Deputy Chief Eric Waldow to retire from Capitol Police

Waldow was in charge of riot control unit on Jan. 6

The U.S. Capitol Police flag flies in front of the force’s headquarters on Sept. 23. Eric Waldow was one of several Capitol Police officials who received a no-confidence vote from the force’s union in the wake of the Jan. 6 insurrection.  (Bill Clark/CQ Roll Call file photo)
The U.S. Capitol Police flag flies in front of the force’s headquarters on Sept. 23. Eric Waldow was one of several Capitol Police officials who received a no-confidence vote from the force’s union in the wake of the Jan. 6 insurrection. (Bill Clark/CQ Roll Call file photo)
Posted October 29, 2021 at 2:22pm

Eric Waldow, a top Capitol Police official who was criticized by officers for failing to lead on Jan. 6, has submitted paperwork to retire from the force, a source familiar told CQ Roll Call.

The exact date of his impending departure is unclear.

Asked for clarification, a Capitol Police spokesperson said it was department practice to not discuss personnel issues.

Waldow, a deputy chief, was in charge of leading the Civil Disturbance Unit — the force’s riot control outfit — as incident commander on Jan. 6, the day of the attack on the Capitol. Rather than leading officers with direction over the radio, Waldow physically engaged rioters, a move some officers said was the wrong decision.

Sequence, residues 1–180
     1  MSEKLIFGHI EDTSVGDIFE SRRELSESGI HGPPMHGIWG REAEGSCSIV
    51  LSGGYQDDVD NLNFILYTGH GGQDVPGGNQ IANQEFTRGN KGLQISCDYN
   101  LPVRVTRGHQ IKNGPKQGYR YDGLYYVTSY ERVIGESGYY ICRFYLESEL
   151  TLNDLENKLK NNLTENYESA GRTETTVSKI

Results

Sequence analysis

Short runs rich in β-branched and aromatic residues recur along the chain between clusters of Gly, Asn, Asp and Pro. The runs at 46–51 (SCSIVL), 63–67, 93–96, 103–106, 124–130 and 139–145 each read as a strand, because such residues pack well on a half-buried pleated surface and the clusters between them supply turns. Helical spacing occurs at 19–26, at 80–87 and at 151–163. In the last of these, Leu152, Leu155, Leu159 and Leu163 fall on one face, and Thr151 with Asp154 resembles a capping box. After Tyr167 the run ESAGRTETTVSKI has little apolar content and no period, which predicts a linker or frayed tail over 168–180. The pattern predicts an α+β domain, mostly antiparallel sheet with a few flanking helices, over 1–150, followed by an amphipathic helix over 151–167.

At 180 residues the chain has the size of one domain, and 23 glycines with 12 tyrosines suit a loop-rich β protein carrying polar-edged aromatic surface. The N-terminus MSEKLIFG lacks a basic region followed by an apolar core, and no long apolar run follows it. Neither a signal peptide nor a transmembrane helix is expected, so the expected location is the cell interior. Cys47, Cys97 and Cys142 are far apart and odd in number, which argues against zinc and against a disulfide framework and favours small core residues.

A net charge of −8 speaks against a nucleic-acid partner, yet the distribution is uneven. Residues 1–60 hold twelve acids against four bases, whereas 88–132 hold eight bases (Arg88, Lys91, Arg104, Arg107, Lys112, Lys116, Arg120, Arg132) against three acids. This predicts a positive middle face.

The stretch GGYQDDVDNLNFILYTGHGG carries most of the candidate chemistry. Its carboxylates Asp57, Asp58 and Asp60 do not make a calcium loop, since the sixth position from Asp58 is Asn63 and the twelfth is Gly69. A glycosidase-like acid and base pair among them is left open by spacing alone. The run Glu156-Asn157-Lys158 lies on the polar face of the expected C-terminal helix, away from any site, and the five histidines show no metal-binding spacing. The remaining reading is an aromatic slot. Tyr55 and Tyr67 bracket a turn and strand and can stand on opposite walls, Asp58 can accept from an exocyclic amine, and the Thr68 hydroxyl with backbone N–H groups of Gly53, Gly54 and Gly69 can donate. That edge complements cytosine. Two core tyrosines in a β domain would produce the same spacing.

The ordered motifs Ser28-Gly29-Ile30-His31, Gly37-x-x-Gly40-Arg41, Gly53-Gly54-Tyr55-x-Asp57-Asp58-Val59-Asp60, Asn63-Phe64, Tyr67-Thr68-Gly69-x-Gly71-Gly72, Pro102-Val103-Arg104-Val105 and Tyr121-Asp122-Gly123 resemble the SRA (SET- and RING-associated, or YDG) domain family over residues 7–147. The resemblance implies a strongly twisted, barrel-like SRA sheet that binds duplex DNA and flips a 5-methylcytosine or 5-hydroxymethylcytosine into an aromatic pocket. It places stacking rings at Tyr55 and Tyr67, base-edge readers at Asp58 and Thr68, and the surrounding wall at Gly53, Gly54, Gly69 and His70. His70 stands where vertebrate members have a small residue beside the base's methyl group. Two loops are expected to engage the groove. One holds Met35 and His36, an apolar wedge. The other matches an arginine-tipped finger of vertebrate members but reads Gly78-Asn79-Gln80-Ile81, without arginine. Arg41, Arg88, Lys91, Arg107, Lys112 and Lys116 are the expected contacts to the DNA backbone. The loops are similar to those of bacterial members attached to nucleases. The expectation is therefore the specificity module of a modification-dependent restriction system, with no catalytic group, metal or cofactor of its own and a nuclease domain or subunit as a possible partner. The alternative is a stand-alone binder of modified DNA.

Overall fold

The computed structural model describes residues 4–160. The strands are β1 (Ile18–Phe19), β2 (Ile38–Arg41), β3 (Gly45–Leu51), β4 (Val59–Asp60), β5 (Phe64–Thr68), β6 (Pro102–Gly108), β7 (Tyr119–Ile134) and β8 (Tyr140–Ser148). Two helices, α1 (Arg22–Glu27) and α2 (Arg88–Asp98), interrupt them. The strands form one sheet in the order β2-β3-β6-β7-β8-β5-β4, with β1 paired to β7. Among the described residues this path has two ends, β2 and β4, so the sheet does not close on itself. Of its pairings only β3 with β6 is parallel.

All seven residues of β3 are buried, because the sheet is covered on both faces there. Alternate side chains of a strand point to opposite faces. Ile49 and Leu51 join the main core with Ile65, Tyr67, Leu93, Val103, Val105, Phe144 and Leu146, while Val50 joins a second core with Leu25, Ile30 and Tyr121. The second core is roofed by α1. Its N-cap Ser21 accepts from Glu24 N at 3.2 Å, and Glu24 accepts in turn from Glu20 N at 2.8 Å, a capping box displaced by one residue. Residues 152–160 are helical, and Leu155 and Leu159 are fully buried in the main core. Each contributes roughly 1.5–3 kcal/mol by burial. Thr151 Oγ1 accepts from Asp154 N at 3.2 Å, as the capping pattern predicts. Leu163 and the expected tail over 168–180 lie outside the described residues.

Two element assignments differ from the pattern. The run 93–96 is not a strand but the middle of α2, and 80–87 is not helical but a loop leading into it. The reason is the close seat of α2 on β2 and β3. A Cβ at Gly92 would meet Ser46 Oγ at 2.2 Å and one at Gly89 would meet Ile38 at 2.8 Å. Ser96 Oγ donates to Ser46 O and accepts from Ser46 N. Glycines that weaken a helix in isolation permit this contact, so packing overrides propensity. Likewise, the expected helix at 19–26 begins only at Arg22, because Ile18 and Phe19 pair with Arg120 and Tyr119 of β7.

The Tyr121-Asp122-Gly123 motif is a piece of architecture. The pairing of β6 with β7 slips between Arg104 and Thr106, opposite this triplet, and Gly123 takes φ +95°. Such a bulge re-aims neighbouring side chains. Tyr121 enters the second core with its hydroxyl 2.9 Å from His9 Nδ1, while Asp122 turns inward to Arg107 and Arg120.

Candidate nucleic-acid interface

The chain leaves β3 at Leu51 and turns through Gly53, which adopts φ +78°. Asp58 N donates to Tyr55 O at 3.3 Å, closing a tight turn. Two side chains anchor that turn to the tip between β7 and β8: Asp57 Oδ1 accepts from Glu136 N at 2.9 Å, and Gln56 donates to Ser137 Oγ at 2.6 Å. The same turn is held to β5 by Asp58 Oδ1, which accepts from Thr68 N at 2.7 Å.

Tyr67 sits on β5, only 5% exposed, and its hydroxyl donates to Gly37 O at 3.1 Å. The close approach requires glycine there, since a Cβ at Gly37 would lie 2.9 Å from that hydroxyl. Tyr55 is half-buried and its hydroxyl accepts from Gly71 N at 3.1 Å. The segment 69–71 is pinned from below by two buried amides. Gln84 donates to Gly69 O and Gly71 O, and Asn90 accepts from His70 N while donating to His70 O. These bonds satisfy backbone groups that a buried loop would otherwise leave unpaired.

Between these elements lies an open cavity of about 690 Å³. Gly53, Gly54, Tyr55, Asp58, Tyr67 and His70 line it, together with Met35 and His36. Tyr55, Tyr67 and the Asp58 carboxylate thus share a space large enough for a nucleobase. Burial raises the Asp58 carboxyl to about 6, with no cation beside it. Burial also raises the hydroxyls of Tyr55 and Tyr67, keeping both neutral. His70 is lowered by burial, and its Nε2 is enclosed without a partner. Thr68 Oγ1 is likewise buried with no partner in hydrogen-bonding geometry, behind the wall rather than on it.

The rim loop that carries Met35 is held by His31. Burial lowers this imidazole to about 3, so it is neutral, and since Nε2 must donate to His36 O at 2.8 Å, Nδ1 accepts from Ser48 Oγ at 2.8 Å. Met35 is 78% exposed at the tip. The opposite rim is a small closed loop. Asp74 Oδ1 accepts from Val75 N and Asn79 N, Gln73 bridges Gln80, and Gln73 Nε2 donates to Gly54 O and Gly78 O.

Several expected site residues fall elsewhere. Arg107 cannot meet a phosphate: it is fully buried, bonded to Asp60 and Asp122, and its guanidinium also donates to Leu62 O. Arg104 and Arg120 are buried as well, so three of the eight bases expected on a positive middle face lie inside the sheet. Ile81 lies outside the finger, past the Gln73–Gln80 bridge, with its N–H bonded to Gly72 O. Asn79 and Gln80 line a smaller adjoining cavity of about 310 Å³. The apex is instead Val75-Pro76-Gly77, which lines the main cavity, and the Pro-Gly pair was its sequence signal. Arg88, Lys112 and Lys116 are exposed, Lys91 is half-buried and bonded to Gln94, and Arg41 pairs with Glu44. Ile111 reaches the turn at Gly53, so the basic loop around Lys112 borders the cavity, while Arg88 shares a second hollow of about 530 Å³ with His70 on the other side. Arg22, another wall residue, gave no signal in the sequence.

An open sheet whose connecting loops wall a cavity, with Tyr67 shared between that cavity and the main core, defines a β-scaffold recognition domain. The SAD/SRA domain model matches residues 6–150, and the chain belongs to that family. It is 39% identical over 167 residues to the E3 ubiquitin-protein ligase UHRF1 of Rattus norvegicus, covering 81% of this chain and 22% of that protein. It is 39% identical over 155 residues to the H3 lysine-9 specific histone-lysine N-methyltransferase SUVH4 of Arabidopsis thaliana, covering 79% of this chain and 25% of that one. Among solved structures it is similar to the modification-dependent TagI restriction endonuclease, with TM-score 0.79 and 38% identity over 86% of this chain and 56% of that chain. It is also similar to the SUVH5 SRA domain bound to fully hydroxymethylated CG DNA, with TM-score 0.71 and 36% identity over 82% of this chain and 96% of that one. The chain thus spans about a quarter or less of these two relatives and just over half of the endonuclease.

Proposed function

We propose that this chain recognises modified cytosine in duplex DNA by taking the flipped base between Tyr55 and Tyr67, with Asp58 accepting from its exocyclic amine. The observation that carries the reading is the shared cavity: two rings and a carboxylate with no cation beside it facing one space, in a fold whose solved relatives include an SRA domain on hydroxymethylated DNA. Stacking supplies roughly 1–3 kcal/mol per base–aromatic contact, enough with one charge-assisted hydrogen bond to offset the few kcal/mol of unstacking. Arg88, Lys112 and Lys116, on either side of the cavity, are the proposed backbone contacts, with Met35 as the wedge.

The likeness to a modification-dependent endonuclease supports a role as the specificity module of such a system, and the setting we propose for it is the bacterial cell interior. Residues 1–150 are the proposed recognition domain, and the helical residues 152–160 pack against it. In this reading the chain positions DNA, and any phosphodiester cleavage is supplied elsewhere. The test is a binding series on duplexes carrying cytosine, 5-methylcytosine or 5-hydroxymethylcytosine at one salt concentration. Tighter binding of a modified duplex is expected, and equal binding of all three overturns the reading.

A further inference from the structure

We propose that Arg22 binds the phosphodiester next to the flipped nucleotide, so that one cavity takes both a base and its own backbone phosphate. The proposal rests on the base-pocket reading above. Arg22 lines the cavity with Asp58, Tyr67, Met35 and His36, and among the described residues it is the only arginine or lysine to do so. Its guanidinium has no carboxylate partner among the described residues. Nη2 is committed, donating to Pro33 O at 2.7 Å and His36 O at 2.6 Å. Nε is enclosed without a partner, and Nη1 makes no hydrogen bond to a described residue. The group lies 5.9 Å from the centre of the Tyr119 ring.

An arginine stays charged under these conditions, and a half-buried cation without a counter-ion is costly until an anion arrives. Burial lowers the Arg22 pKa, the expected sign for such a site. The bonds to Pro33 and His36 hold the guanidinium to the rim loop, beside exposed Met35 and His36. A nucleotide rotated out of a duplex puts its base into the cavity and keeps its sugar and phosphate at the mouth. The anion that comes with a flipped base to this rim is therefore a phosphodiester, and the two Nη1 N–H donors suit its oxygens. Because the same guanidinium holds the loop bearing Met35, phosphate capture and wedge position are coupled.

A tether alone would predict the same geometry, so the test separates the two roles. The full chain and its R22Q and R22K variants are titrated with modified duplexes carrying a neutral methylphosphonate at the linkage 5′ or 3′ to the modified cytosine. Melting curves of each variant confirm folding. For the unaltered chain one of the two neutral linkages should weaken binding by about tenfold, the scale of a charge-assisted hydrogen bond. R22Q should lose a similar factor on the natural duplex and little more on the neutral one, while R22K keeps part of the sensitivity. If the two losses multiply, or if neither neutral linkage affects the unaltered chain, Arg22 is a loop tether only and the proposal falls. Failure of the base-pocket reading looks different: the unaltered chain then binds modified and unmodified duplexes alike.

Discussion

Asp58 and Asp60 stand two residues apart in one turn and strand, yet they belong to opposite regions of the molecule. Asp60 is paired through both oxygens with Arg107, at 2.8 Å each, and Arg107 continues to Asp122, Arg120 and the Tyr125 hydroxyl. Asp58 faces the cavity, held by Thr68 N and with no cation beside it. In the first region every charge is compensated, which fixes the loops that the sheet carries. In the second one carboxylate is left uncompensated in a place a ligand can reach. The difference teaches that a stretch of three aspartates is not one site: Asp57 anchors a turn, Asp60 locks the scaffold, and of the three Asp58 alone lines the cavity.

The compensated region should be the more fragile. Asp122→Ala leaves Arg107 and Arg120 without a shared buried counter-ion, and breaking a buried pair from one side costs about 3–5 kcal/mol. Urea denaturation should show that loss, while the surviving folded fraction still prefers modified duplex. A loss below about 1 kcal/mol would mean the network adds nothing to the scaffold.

“Should’ve been leading, but was fighting instead,” said an officer who spoke on condition of anonymity.

Waldow was also one of several Capitol Police officials who received a no-confidence vote from the department’s union in the wake of the insurrection.

“We hope Congressional leaders and the entire Capitol Hill community understands that continuing with the current USCP leadership is not an option,” union head Gus Papathanasiou said in a statement at the time of the vote.

A 2019 sexual discrimination case revealed that Waldow did not follow department rules when he recommended that a female Capitol Police officer be fired.

Chad Thomas, a former assistant chief for uniformed operations, who also received a no-confidence vote from the union, left the force in June. Thomas had a large role in planning for Jan. 6 and directed officers on that day to not use all available equipment, including heavier less-than-lethal weapons.

Other top officials who played an integral role in planning for Jan. 6 and were subject to no-confidence votes have remained in leadership positions. This includes Yogananda D. Pittman, assistant chief for protective and intelligence operations, and Sean Gallagher, an acting assistant chief. A bipartisan Senate report was critical of the force’s Intelligence and Interagency Coordination Division, which Pittman oversaw leading up to and on Jan. 6. Pittman then led the department as acting chief after Steven A. Sund resigned in the wake of the attack. She held that position until current chief J. Thomas Manger took over in July.